Assault is a serious crime in Colorado. Upon conviction for assault, penalties range from 3 to 24 years in prison depending on the specific nature of the crime.
What exactly constitutes "assault"? Colorado law carefully defines three types of assault crimes:
All three assault crimes require that a perpetrator act "knowingly" or "intentionally" when causing injury to a person. That requirement, along with other factors, could provide the means for a successful defense of the charge.
Defending an assault charge
To gain a conviction, the state must prove every element of its case. If the prosecutor can't do that, it could result in a not guilty verdict, dismissal of the charge, or induce the prosecutor to offer a satisfactory plea deal. Let's look at how a defense attorney could attempt to overcome an assault charge.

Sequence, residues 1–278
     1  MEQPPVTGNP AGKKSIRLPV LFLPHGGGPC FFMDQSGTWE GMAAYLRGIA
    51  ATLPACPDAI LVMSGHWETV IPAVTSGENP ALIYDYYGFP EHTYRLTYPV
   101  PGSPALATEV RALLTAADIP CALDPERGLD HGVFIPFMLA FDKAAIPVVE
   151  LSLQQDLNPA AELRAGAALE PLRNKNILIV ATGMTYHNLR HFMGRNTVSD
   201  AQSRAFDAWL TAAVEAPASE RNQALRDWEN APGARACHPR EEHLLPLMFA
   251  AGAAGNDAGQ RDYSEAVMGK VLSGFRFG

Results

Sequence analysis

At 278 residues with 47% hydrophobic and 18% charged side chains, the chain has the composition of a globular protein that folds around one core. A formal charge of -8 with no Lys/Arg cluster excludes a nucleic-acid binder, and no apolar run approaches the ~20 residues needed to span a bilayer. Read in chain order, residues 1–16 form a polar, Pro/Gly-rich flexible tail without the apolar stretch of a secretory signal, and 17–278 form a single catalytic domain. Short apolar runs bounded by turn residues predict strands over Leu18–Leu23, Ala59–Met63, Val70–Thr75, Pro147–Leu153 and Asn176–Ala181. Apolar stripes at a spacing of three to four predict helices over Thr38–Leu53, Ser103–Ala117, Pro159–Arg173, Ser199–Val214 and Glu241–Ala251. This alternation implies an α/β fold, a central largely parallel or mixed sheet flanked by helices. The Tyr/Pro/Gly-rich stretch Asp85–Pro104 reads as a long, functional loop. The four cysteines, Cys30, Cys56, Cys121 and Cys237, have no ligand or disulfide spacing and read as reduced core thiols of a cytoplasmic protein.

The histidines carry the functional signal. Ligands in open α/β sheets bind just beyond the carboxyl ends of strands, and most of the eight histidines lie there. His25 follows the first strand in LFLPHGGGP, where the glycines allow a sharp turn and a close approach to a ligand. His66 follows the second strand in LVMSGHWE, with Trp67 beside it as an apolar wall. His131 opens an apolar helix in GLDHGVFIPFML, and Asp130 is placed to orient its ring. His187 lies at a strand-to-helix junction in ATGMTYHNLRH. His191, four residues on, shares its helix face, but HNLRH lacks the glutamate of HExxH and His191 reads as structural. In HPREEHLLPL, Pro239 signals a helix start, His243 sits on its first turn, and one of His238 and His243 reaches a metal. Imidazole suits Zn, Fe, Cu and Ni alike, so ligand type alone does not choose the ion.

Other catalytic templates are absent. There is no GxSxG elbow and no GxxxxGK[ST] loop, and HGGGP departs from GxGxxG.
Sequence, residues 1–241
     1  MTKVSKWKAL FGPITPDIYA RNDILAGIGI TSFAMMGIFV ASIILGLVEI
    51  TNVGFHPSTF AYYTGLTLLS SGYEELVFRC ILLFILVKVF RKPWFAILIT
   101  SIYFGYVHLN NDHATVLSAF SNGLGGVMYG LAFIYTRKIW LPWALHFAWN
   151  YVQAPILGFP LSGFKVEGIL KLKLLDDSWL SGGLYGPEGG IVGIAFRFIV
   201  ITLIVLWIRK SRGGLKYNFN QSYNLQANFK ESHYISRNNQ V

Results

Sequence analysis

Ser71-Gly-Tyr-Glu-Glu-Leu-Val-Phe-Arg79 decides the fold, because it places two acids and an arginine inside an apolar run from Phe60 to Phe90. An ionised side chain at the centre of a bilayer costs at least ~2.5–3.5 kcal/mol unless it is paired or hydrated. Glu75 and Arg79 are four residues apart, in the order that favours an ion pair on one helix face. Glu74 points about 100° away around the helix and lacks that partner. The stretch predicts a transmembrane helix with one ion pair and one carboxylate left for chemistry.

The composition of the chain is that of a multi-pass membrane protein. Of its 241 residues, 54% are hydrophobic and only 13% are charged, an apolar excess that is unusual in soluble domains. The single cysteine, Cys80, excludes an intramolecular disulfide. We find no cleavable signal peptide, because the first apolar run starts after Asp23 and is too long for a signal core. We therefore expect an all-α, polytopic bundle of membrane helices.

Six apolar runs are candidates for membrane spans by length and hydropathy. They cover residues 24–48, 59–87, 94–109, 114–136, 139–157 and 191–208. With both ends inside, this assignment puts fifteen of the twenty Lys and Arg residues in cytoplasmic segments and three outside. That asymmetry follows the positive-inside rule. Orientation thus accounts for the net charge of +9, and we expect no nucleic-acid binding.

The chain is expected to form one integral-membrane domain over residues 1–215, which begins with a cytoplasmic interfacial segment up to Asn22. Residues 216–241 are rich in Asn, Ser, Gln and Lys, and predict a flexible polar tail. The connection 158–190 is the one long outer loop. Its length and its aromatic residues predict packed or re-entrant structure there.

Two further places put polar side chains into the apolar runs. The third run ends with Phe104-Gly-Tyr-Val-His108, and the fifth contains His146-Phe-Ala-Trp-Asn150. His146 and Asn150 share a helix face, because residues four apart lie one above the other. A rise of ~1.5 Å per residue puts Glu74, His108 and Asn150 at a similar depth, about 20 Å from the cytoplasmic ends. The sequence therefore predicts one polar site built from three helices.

Knowledge or intent - Did the accused "knowingly" or "intentionally" injure or attempt to injure another person? In some cases, the answer to this question can be one of perception. To be successful, a defense attorney need not actually disprove knowledge or intent, but only show that the evidence presented by the prosecutor fails to meet the critical threshold of "beyond a reasonable doubt".
Identity of the assailant - Depending on the facts of the case, the defense could attempt to show that the police arrested the wrong person.
Self-defense or defense of others - In some cases, this can prove an effective means of defeating an assault charge.
A savvy defense lawyer will carefully examine all of the facts surrounding the case, including the sequence of events that led up the alleged assault. Just one fact or nuance could result in a positive outcome for the defendant. If you or a loved one has been charge with assault in Colorado, get legal help as soon as possible.